next, the main difference between linux and unix is that linux makes use of the GNU tools in its base install. These are quite different from those provided with 'official' unix versions. sure the commands are named the same, but the parameters differ, some might say the GNU tools are better :) (the reason why so many unix admins install the GNU tools on unix systems, to overcome the limits of tar for example)
keep in mind that linux is clean room implementation. it was build from the ground up. unlike most other unix versions which are build upon the original legacy unix code.

linux is not confirmed posix compliant, but it tries its best to be as compliant as possible where it is meaningfull. at the same time linux is not unix certified by the open group. (not that these 2 things matter that much, as you will probably never have any problems with this)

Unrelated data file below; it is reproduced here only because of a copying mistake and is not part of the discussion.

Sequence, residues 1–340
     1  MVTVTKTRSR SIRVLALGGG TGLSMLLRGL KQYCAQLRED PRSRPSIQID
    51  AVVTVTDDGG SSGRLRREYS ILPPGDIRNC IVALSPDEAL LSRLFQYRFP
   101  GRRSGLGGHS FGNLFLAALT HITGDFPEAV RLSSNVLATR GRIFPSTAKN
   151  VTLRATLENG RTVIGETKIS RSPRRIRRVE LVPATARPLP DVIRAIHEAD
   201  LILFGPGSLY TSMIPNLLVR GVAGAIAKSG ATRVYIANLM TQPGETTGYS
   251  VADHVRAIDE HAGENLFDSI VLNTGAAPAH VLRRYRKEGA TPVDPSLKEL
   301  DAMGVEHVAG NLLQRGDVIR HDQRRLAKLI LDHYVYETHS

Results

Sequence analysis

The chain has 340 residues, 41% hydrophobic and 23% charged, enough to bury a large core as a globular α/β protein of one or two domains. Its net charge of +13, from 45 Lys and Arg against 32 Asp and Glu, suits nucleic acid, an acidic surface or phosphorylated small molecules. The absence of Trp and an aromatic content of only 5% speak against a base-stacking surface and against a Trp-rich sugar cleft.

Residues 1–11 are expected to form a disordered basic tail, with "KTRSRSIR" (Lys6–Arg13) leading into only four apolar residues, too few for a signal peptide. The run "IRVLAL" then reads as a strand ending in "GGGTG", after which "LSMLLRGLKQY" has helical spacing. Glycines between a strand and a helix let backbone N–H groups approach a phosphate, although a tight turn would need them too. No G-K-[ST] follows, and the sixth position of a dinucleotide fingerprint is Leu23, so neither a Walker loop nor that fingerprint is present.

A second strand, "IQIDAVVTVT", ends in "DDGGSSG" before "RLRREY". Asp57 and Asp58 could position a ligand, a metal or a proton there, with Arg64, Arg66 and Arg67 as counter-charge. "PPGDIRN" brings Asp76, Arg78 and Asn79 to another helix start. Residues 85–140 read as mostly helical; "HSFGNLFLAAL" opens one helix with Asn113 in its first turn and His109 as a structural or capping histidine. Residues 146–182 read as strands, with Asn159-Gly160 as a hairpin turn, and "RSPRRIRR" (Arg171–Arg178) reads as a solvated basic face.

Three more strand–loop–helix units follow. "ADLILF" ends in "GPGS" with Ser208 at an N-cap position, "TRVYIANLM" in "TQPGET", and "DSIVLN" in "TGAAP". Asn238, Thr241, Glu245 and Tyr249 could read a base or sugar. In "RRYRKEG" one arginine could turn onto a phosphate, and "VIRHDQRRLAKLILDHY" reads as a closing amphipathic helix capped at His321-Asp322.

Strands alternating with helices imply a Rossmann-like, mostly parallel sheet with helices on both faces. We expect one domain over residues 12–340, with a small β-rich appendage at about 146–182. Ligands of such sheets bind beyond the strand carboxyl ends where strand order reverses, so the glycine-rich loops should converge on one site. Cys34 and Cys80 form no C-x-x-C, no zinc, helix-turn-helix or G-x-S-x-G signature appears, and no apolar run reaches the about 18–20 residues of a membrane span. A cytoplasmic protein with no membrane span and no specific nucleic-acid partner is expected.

James Damour
New Member

Re: How LINUX different from UNIX ?

The short answer is "Linux is the registered trademark of Linus Torvalds and UNIX is the registered trademark of the Open Group".

Here's the long answer:

There have been a number of people who have posted that "Linux is an Open Source Unix" or "Linux is Unix based on the GNU tools".

Actually, neither is true. You see, UNIX is a registered trademark of the Open Group ( Linux does *not* license the trademark from the Open Group, and "UNIX" is *not* a generic term. Therefore, Linux is **NOT** UNIX.

That being said, the Linux kernel is a multi-process, multi-user kernel that attempts to support the POSIX specification. In many, many, many cases, the Linux kernel is distributed with the GNU tools to provide a complete Operating System (such a combination is also often referred to as "the Linux OS" or "the GNU/Linux OS").

The current production Linux kernel is v2.6.7 and is available at Linux is a registered trademark of Linus Torvalds.